Each team’s base in Ultimate War is protected by over 50 towers, in a variety of shapes and sizes. The enemy definitely enjoys most of the variety, with fire, frost, poison, and even invisible towers peppered along the cliffs. The human towers have aesthetic variety, but they all do the same thing; varying primarily in attack damage.

The sheer number of towers gives a granular measure of progress, first to measure how much ground is lost each time the enemy forces come knocking (and it’s hard to avoid them knocking), and later to gauge how quickly progress is being made when assaulting the enemy base.

Ultimate War has a special mechanic paired with towers, called Generators. These small glittering buildings, presumably inspired by Tower Defence games, grant an aura to nearby buildings and wards in a small radius. They can be seen in the image below, where they’re amping select towers in the enemy base with double damage, regeneration, or huge amounts of armour. They don’t have much life, and cannot be repaired, but their aura bonuses are highly valuable.

The red circle shows the approximate radius of a Generator.

For human players, the interaction with Generators is pretty simple: kill them first! Simple, but it does require that heroes be present when pushing, since the friendly army won’t focus the Generators on its own: it will prioritise towers which are outputting damage.

The subtler side of Generators is that humans start with almost none, but can purchase and place them near towers to shore up their defences. The catch is that they’re very limited in supply, and certain enemy Elites have a tendency to destroy them (with bouncing attacks or other spells) if they’re not carefully guarded. Furthermore, all the Generators in the world won’t be enough if an Elite with the right immunities shows up…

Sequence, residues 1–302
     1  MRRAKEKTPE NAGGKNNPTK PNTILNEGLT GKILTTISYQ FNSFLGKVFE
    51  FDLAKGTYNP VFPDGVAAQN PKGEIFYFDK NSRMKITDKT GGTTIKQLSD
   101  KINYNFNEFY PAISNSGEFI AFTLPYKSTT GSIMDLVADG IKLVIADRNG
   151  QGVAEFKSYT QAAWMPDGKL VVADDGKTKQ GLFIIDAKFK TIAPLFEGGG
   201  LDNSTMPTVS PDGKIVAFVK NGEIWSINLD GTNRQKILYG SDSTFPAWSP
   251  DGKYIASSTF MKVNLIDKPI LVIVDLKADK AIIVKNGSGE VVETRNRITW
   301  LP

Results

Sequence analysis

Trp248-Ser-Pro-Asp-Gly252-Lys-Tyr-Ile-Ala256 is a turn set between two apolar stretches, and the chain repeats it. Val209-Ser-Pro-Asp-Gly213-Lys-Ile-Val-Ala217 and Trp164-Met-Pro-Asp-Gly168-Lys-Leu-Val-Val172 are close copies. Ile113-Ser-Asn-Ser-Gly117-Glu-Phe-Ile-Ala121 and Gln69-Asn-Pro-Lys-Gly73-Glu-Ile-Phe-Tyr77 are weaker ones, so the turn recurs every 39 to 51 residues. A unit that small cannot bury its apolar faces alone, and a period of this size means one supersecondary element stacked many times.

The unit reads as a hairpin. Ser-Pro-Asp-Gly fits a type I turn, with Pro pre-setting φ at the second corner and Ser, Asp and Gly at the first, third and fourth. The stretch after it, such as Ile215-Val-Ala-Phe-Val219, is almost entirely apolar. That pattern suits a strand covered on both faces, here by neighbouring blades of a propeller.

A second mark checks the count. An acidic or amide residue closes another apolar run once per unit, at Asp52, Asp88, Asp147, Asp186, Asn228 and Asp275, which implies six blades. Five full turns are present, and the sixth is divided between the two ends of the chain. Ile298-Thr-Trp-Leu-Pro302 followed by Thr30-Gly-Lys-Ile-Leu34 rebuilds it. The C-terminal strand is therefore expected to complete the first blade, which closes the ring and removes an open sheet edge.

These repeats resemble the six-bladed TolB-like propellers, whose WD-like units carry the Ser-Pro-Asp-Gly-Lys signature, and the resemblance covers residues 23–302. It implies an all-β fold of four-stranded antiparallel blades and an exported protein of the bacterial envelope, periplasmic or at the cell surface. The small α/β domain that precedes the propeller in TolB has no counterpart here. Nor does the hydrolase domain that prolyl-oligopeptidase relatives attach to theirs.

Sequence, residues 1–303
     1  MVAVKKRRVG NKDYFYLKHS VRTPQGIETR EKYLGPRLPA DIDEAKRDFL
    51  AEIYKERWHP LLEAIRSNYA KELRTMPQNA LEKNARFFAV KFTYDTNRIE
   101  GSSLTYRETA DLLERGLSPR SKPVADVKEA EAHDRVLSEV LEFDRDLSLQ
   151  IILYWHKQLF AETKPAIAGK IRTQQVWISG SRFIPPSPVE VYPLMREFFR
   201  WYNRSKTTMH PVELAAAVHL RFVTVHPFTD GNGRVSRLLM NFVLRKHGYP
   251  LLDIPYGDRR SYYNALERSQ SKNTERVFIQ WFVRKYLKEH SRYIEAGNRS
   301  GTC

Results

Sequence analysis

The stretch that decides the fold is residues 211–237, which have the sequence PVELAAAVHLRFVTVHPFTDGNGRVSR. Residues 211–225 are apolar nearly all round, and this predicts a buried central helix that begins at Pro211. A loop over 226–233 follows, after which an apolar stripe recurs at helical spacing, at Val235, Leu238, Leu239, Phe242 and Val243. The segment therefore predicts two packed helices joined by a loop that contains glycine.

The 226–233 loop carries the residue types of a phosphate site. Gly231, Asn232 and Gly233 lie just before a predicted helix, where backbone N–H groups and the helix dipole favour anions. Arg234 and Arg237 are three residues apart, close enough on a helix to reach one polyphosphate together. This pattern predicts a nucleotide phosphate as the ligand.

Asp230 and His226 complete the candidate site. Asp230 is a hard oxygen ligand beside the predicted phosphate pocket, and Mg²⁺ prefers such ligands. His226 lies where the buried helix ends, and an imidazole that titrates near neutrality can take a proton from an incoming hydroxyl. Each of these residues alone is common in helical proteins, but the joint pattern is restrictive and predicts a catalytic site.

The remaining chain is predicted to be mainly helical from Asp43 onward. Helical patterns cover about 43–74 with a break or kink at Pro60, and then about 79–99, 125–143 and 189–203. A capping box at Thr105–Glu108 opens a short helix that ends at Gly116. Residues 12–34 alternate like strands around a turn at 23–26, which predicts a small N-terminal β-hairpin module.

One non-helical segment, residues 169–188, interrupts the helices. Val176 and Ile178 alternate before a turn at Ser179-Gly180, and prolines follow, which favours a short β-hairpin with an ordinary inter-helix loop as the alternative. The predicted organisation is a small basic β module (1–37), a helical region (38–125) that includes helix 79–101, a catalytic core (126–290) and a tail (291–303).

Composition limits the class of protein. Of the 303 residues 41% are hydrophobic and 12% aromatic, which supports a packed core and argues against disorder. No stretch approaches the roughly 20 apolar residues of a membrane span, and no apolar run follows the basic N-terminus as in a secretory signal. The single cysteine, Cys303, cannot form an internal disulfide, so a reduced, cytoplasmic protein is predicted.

A Siege Behemoth cuts through towers like butter, leaving some now-useless generators behind.

I really like Generators as a feature for this kind of map. All three (damage, regen, armour) are practical against different threats, their small radius puts them at risk, and they force players to be picky about which towers they augment. Towers on their own are just the right amount of underwhelming, so there’s pressure to use Generators wisely. This mechanic probably wouldn’t work so well in a PvP scenario, where as we saw above, human players simply know to attack the generators first, no matter where they’re placed.

The Swiss Army Base:

Other than defensive instalments, the human base has a large number of buildings with tools to assist the players in their endeavours. The most familiar will be a line of item shops, which sell RPG-categorised items (heroes are limited to: 1 Weapon, 1 Armour, 2 Accessories, 1 Unique item each). Also available are consumables, including Serpent Ward (permanent once placed), a repair kit to instantly heal towers, a global blink, a single-target debuff for enemy towers, a rocket launcher needed to kill certain enemy Elites, and of course the Generators themselves.